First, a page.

The normally high pitched snarl of the rented V Star 650 motorcycle escalated suddenly to a raspy scream, signaling an RPM way beyond a healthy range. The dramatic change in pitch shouted to my muscle memory “You’re revving way too fast! Shift up!” Reflexively, my left hand pulled in on the clutch as my toe slipped under the gear shift lever to move to a higher gear. At the exact same moment, my steady climbing movement up the steep hill slowed dramatically, giving my body a competing message. “You’re moving too slow for this gear. You need to downshift!” In the tiny fractions of a second that seemed to persist much longer, both hands and both feet performed an awkward dance trying to use the clutch, gear shift and brakes in the right combination to subdue the inner conflict.
As quickly as the emergency response got started, it vanished in the realization that the only action that mattered right then was holding tightly on the brake lever with my right hand. I didn’t need to shift up or down because I was in no gear at all. The racing engine and lack of movement confirmed the bad news. My clutch was fried. Not the best of moments for that to happen as I was about half way up one of the steepest streets I’d ever been on, a straight stretch of San Francisco’s famed Lombard Street between Polk and Larkin Streets. The only thing keeping me from rolling down the hill backwards was the firm grip on the brake, yet I needed to let up to gradually roll into a reverse turn so I could head back down the hill forward. Even the light weight of the V Star made it impossible to push up the hill. The trip back down to the flat intersection of Polk and Lombard was an interesting balance of more and less pressure on the brake.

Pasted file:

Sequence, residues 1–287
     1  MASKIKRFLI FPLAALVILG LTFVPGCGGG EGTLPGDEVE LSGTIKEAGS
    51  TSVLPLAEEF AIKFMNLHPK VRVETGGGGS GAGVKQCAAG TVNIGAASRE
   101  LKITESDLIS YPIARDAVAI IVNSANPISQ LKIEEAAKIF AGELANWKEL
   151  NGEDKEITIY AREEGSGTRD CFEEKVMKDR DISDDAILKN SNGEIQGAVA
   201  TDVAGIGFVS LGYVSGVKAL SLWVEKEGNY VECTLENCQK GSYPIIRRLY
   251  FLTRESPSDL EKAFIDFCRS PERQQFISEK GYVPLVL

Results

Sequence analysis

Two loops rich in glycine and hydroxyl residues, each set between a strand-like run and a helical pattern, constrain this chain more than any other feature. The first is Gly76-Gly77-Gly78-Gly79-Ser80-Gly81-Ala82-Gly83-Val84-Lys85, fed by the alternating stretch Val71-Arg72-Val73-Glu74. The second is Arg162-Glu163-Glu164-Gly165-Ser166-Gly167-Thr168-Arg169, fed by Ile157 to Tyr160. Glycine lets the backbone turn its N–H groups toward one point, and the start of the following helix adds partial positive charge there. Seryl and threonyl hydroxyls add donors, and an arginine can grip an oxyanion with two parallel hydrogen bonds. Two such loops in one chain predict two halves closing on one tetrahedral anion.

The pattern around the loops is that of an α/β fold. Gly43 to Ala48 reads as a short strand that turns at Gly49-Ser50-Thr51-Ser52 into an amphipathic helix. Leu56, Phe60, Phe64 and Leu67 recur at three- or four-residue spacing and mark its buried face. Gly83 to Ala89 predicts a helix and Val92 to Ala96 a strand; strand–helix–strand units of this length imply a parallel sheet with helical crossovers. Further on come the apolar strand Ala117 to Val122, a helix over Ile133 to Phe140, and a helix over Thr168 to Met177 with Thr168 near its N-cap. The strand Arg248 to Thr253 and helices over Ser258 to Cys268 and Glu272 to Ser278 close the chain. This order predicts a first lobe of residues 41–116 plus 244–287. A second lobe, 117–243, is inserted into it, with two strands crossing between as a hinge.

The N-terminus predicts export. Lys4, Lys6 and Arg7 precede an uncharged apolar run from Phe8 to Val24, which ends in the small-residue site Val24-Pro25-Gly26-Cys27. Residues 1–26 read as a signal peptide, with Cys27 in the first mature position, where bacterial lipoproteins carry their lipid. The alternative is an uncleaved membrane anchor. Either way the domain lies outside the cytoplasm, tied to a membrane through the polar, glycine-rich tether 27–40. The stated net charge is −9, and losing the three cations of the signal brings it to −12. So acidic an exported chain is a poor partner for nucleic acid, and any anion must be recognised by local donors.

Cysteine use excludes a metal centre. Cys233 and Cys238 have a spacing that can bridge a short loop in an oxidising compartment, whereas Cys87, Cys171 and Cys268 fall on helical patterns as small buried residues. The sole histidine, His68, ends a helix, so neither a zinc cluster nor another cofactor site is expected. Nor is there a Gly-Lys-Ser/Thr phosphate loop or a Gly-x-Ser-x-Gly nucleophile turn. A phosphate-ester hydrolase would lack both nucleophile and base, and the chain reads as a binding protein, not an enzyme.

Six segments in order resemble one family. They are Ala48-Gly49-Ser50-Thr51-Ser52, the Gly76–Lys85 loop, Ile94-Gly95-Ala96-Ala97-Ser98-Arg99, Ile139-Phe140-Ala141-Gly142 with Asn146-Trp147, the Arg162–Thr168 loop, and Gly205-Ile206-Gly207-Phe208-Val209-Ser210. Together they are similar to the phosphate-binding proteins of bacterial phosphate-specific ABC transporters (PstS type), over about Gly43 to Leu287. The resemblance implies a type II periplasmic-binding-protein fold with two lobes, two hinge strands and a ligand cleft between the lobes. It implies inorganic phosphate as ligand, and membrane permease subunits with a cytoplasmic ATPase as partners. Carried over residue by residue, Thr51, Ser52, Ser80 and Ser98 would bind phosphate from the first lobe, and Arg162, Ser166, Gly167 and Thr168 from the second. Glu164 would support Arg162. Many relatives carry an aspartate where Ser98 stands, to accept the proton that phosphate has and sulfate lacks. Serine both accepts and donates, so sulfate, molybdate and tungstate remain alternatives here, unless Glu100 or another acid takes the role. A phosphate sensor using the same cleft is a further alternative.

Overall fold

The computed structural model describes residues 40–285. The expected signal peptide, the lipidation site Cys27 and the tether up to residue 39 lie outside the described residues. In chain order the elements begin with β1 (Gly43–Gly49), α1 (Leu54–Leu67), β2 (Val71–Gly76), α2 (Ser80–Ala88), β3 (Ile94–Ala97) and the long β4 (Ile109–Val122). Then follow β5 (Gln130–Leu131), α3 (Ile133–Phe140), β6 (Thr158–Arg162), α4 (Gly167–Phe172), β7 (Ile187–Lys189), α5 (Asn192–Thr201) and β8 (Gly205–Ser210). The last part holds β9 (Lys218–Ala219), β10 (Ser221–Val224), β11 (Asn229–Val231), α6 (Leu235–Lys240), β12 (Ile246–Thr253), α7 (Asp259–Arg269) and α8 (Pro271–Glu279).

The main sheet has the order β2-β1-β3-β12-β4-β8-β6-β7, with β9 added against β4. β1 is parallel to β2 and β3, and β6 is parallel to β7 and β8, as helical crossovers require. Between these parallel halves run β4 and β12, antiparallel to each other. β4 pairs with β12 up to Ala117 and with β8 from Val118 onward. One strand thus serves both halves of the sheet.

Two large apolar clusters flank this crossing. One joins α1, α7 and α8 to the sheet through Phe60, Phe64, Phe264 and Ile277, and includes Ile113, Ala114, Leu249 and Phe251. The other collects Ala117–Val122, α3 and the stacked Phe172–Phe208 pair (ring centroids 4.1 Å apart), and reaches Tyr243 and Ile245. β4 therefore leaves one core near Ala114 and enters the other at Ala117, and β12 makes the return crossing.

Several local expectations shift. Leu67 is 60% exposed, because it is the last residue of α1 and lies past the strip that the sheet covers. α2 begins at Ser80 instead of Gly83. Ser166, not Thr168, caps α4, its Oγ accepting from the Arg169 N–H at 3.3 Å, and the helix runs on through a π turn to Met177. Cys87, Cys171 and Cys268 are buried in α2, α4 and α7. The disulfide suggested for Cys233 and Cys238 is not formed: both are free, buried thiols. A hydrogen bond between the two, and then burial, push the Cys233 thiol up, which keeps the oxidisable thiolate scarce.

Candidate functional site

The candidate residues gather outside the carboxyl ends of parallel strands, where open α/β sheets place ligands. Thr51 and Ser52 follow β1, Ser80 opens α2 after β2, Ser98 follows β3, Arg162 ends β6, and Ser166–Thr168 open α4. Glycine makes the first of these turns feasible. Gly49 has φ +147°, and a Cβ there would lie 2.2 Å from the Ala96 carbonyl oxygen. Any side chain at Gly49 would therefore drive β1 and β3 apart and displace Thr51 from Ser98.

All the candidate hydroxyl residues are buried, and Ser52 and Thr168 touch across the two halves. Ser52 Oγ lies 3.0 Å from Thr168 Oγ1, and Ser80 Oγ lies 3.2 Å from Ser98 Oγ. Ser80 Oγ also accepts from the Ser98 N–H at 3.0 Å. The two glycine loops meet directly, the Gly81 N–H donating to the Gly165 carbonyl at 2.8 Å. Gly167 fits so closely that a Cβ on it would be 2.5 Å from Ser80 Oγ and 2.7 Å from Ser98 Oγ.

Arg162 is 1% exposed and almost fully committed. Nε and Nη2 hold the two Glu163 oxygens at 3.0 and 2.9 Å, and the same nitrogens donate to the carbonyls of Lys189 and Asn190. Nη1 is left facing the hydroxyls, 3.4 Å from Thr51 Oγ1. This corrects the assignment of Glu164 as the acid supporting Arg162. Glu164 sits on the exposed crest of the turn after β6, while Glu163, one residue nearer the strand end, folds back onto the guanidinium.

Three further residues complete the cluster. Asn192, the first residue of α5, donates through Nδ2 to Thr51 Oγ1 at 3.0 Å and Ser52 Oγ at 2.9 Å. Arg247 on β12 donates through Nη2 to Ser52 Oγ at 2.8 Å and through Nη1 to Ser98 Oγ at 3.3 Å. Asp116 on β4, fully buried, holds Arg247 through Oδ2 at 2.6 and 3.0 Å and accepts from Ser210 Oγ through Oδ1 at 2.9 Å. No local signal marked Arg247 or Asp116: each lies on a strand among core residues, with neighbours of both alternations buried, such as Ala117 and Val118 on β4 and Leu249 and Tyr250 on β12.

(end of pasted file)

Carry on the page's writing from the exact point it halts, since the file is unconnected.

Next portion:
I really didn’t want to be on that part of the Lombard Street, but it was the only way to get to the part I wanted to descend, the one-block, eight-curve, brick-paved section that the street is famous for. I didn’t get to ride it on that trip, but will return some day. I can chuckle about it now, but I was cranky then from the jolt of my fried clutch. I chuckle sometimes too at the thought of my friend who did ride it, but got stuck behind a group of tourists from Korea in a rented land yacht who stopped periodically to take pictures.
What follows is a picture of the curvy part of Lombard Street, and links to google maps for the curvy and straight parts of it. The google items should be interactive so you can move along them up or down. The featured image above is me sitting on the bike as a tow truck driver attaches it to his truck.
By The original uploader was Y6y6y6 at English Wikipedia (Transferred from en.wikipedia to Commons.) [Public domain], via Wikimedia Commons